Gene Set Enrichment Analysis of the Tp53-Associated Immune Prognostic Signature Genes

GSEA was performed to explore the enriched KEGG pathways of the TIPS genes. According to the median expression of each gene, 408 MIBC samples were divided into low- and high-expression groups. The gene set “c2.cp.kegg.v7.1.symbols.gmt” was chosen as the reference set, which was obtained from the Molecular Signatures Database V7.1 (MSigDB). |NES| > 1 and P < 0.01 were considered as statistically significant.

Estimation of Tumor-Infiltrating Lymphocytes Abundance

To investigate the association between TIPS and TILs, single sample gene set enrichment analysis (ssGSEA) was performed to determine the relative abundance of 28 subpopulations of TILs in the MIBC immune infiltrates, including Tregs, MDSC, TAMs, CD56bright NK cells (NK) cells, etc (27, 28).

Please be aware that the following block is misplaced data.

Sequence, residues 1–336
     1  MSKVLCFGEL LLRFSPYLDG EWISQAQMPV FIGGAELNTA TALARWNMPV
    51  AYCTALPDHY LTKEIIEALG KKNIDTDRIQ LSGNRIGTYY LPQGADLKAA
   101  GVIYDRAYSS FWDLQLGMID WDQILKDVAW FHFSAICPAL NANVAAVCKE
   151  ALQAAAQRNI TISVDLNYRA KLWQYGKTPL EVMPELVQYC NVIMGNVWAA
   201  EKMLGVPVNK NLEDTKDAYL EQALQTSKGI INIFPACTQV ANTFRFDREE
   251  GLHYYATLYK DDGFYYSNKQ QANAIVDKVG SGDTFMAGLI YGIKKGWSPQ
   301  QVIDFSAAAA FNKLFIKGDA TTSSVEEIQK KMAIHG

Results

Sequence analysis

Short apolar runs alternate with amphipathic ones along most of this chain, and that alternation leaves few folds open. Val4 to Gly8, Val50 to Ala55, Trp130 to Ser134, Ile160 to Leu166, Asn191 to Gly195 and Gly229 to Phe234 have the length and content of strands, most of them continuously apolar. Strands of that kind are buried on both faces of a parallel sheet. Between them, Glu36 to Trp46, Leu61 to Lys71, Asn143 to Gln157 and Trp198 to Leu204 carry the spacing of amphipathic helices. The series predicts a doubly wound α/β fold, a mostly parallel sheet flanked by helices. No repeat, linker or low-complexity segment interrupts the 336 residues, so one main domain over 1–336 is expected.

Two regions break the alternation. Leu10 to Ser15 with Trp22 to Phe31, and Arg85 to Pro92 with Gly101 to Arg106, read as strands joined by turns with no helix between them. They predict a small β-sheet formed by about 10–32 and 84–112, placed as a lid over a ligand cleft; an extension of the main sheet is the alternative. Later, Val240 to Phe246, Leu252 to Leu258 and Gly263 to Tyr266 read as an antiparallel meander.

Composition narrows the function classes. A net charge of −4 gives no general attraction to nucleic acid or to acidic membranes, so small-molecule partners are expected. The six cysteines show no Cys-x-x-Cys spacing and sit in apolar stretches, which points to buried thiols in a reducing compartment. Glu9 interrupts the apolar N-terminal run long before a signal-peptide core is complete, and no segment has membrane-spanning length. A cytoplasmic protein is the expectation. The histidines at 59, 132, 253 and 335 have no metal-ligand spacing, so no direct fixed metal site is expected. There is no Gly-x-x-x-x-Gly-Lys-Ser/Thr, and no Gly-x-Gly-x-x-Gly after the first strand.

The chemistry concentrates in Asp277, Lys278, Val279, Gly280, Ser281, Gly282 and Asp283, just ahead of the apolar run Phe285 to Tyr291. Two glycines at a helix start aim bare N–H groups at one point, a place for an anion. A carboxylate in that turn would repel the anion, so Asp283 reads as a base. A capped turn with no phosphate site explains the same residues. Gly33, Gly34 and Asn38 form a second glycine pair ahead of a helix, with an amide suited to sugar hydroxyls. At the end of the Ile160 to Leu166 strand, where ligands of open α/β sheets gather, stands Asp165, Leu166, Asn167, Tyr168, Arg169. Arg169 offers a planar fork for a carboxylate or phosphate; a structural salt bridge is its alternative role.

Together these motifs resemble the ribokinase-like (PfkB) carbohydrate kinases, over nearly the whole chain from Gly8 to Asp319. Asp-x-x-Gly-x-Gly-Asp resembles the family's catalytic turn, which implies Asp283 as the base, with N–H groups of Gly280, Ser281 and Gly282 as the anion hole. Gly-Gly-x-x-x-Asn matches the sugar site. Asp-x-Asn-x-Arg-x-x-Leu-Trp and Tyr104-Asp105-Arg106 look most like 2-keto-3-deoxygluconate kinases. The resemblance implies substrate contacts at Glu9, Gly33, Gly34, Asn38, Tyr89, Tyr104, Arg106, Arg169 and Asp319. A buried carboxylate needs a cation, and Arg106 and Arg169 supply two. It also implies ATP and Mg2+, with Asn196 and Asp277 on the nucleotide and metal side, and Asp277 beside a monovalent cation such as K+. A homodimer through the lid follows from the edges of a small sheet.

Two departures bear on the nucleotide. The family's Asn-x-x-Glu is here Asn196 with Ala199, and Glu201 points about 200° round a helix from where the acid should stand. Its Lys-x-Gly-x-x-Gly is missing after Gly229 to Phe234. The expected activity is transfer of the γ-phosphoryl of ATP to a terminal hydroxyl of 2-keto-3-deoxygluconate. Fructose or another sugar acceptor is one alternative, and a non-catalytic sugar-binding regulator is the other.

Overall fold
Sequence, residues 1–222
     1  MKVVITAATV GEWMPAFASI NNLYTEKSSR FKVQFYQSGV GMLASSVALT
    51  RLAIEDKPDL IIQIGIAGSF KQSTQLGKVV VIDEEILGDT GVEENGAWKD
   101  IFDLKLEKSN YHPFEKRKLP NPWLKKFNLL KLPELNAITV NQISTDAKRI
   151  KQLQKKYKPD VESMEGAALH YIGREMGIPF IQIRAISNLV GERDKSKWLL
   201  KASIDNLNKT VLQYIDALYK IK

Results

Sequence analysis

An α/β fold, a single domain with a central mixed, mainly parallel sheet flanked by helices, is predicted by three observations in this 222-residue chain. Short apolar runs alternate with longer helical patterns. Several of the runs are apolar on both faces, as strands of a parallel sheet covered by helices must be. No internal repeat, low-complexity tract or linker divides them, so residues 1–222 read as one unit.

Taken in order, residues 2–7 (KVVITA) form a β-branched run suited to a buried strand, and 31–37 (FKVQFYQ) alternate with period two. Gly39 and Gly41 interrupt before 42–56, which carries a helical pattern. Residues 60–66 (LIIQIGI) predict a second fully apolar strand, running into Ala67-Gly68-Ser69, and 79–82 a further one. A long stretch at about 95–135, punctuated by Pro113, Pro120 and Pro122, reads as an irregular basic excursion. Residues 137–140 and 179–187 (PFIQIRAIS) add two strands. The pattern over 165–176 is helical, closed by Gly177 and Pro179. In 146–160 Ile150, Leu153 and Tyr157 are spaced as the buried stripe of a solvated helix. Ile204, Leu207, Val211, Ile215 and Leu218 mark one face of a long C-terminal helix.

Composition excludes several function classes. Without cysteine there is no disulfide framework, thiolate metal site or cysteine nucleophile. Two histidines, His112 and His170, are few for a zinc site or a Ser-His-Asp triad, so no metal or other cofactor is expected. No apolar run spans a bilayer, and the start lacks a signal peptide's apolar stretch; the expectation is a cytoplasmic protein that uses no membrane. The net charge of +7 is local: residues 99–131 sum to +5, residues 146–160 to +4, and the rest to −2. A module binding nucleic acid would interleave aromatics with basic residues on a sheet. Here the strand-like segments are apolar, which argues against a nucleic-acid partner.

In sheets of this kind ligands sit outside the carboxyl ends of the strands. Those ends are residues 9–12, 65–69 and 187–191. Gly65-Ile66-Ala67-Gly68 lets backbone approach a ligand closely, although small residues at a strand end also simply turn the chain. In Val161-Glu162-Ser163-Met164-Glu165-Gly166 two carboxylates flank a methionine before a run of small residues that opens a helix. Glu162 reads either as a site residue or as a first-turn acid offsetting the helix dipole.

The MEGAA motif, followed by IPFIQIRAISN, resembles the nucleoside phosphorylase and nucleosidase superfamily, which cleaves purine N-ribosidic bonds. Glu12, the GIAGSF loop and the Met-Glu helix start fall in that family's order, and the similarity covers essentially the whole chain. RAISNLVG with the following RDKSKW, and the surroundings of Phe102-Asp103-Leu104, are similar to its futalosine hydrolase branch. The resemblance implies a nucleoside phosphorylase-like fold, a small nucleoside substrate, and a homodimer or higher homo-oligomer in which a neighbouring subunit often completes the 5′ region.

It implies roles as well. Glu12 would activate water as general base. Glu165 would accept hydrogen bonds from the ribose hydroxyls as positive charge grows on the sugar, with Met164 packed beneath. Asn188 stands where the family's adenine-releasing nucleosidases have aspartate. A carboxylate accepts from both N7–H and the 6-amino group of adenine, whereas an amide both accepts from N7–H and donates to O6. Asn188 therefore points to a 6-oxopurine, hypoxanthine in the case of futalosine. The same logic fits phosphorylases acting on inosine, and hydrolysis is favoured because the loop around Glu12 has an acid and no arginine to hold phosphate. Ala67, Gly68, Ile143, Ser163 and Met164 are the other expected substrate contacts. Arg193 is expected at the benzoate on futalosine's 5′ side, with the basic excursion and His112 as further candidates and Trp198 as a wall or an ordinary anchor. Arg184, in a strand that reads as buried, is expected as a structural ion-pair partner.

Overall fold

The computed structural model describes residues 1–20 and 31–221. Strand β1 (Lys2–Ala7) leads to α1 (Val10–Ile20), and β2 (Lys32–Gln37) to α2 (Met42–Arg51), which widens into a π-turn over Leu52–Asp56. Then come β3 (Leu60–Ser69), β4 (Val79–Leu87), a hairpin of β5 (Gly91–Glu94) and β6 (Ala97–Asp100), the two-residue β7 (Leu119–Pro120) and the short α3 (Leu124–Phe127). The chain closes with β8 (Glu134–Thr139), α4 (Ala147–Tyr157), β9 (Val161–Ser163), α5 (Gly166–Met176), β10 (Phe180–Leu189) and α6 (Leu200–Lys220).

Correlation Between Tp53-Associated Immune Prognostic Signature and Biomarkers for Immunotherapy

Notably, the immune checkpoints are the biomarkers for selecting patients with MIBC for immunotherapy. Therefore, this study analyzed the correlation between TIPS and critical immune checkpoints (PD1, CTLA4, LAG3, HAVCR2, and TIGIT).

Prediction of Chemotherapeutic and Immunotherapeutic Response